American Funds Retirement Income Portfolio Series℠
Made up of American Funds, these portfolios:
A recent survey found that the chief concern among retirees is having the ability to maintain their lifestyles in retirement. In addition, investors in retirement want to be assured of asset growth as they take withdrawals from their investments.
The American Funds Retirement Income Portfolio Series strives to:
Translating Need and Risk Into Withdrawal Rate Ranges The American Funds Portfolio Oversight Committee used extensive research and modeling to determine the suggested annual withdrawal rate ranges for each of the three portfolios.
Each retirement income portfolio is designed to address varying income needs and risk tolerances, and each has a suggested annual withdrawal rate range.
These suggested withdrawal rate ranges:
With significant allocations to The Bond Fund of America® and U.S. Government Securities Fund®, this portfolio focuses more on preservation of capital, while still seeking to provide current income.
The portfolio includes several fixed-income funds, but the allocation is weighted more toward income-focused funds like Capital Income Builder® and The Income Fund of America®.
With greater allocations to income-focused equity funds, this portfolio has more potential upside over the long term, but will likely result in greater volatility.
We built the American Funds Retirement Income Portfolio Series to help address the needs of investors nearing or in retirement.
These funds of funds are:
The American Funds Portfolio Oversight Committee — investment professionals who have a long history of successfully managing funds to pursue investor objectives — developed and monitor the American Funds Retirement Income Portfolio Series.
Retirement income portfolios are complex. At times the need to take withdrawals can conflict with the desire for capital preservation. The historical roles of stocks and bonds have shifted in recent years, making the interplay between markets more difficult to navigate.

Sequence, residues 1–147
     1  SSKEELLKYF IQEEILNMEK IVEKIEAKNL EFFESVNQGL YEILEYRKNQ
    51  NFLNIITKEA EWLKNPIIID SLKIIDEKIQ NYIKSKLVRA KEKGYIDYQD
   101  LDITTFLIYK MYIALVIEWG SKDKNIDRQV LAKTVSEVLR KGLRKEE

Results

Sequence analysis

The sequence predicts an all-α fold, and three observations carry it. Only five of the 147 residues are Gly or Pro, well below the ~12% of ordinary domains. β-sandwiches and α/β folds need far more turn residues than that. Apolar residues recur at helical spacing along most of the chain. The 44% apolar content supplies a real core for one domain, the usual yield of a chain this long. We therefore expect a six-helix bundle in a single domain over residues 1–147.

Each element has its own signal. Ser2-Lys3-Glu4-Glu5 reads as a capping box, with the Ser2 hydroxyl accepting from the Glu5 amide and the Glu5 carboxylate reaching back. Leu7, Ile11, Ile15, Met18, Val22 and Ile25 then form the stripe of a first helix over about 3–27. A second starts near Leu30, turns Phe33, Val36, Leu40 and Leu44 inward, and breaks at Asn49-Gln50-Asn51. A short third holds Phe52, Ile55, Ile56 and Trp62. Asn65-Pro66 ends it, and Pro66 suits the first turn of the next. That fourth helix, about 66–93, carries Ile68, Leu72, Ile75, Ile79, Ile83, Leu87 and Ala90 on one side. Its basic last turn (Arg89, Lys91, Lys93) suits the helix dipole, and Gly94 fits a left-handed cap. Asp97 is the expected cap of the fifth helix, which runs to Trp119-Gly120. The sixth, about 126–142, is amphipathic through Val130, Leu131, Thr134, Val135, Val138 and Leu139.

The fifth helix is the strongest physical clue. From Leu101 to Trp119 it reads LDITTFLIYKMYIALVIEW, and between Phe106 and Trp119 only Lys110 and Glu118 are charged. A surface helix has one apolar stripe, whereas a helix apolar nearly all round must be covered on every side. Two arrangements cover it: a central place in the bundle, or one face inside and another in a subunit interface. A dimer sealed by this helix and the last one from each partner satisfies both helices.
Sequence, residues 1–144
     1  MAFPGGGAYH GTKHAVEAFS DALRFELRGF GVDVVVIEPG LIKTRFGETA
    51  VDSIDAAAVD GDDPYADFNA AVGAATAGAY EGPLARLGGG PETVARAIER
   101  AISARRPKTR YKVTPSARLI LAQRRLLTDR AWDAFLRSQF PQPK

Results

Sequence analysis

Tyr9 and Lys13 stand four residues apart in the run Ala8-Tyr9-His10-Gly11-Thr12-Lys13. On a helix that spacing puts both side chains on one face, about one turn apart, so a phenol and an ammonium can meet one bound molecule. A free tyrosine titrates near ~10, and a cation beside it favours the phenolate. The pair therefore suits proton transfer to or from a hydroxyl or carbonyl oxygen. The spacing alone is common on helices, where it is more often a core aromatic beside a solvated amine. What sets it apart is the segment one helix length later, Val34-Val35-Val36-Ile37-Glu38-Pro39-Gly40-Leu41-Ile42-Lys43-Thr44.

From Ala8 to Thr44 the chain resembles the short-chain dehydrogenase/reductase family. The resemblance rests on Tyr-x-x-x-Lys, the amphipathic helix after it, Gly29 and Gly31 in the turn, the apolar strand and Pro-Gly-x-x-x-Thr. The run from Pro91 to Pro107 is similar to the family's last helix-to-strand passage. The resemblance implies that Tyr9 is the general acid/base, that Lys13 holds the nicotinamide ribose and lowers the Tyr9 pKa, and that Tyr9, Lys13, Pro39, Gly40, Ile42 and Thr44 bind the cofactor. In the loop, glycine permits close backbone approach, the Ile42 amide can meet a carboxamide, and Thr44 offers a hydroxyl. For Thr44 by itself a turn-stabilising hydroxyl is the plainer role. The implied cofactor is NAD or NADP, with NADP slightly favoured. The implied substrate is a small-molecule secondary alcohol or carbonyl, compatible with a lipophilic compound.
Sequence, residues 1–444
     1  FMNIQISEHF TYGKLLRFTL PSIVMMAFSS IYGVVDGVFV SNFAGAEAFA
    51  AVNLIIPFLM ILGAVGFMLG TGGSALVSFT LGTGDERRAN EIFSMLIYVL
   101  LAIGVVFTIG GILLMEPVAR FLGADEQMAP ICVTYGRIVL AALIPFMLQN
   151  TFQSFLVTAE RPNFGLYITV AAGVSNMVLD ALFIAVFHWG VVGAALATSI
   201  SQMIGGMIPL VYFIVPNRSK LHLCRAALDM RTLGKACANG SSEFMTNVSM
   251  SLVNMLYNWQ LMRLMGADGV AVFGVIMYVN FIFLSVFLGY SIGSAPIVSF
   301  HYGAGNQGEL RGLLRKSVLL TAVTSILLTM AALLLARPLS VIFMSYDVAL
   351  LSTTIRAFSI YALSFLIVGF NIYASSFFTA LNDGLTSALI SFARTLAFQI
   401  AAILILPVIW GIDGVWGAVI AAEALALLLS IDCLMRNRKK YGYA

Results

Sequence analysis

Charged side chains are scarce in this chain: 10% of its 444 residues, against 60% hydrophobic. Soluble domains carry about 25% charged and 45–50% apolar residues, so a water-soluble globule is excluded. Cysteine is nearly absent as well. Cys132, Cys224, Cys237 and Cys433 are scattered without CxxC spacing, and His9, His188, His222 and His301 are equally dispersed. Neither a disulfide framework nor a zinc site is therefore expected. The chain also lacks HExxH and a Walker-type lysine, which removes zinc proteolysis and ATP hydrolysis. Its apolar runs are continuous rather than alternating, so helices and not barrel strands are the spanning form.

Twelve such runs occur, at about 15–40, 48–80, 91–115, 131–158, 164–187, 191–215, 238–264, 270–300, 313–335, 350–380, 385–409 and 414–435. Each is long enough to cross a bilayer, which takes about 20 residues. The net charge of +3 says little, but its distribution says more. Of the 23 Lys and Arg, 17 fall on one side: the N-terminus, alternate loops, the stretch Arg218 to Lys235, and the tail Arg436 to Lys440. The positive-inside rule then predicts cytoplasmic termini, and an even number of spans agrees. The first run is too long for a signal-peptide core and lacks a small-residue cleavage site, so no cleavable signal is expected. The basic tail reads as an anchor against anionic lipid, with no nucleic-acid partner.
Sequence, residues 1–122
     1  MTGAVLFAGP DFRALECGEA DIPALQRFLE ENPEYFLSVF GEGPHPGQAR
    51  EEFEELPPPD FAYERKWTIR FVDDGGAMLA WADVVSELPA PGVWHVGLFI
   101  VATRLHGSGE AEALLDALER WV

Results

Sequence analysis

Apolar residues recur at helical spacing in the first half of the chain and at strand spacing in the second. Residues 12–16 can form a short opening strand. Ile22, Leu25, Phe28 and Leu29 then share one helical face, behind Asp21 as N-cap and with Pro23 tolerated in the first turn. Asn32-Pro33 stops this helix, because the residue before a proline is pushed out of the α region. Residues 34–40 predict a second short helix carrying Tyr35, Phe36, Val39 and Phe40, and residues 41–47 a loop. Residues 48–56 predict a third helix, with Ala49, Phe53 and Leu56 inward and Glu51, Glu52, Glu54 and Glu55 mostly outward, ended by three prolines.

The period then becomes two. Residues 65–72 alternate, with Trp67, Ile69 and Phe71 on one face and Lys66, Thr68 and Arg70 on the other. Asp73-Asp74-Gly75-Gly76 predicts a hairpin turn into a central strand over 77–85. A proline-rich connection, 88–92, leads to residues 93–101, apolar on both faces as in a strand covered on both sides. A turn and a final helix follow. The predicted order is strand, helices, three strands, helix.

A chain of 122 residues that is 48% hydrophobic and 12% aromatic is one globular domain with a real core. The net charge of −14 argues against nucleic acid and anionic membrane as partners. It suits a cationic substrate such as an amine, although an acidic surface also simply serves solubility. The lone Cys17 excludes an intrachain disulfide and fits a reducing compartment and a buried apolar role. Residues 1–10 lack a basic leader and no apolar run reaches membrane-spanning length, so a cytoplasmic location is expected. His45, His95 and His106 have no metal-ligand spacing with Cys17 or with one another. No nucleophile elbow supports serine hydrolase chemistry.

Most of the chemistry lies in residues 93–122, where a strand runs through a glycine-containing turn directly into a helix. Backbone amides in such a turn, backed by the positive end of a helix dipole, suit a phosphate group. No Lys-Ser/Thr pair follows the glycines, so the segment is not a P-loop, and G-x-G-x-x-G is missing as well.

That’s why the committee:
These seven seasoned American Funds portfolio managers offer:
Investments are not FDIC-insured, nor are they deposits of or guaranteed by a bank or any other entity, so they may lose value.
Investors should carefully consider investment objectives, risks, charges and expenses. This and other important information is contained in the fund prospectuses and summary prospectuses, which can be obtained from a financial professional and should be read carefully before investing.
The return of principal for bond funds and for funds with significant underlying bond holdings is not guaranteed. Fund shares are subject to the same interest rate, inflation and credit risks associated with the underlying bond holdings. Lower rated bonds are subject to greater fluctuations in value and risk of loss of income and principal than higher rated bonds. Investments in mortgage-related securities involve additional risks, such as prepayment risk, as more fully described in the prospectus. While not directly correlated to changes in interest rates, the values of inflation-linked bonds generally fluctuate in response to changes in real interest rates and may experience greater losses than other debt securities with similar durations.
Bond prices and a bond fund's share price will generally move in the opposite direction of interest rates.
Fund shares of U.S. Government Securities Fund are not guaranteed by the U.S. government.
The Retirement Income Portfolio Series' investment allocations may not achieve fund objectives, and adequate income through retirement is not guaranteed. There are expenses associated with the underlying funds in addition to fund-of-funds expenses. The funds’ risks are directly related to the risks of the underlying funds. Payments consisting of return of capital will result in a decrease in an investor’s fund share balance. Higher rates of withdrawal and withdrawals during declining markets may result in a more rapid decrease in an investor’s fund share balance. Persistent returns of capital could ultimately result in a zero account balance.
Past results are not predictive of results in future periods.